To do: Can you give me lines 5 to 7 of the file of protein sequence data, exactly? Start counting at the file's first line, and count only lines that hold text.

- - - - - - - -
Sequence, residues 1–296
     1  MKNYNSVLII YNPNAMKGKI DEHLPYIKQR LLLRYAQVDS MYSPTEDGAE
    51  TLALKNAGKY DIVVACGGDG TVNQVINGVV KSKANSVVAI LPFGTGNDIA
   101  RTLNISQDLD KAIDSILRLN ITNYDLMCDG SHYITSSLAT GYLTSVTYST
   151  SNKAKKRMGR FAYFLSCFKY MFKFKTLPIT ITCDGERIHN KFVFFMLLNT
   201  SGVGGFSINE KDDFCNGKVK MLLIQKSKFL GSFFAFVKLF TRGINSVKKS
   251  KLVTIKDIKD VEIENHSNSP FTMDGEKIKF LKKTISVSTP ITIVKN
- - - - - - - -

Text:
   151  SNKAKKRMGR FAYFLSCFKY MFKFKTLPIT ITCDGERIHN KFVFFMLLNT
   201  SGVGGFSINE KDDFCNGKVK MLLIQKSKFL GSFFAFVKLF TRGINSVKKS
   251  KLVTIKDIKD VEIENHSNSP FTMDGEKIKF LKKTISVSTP ITIVKN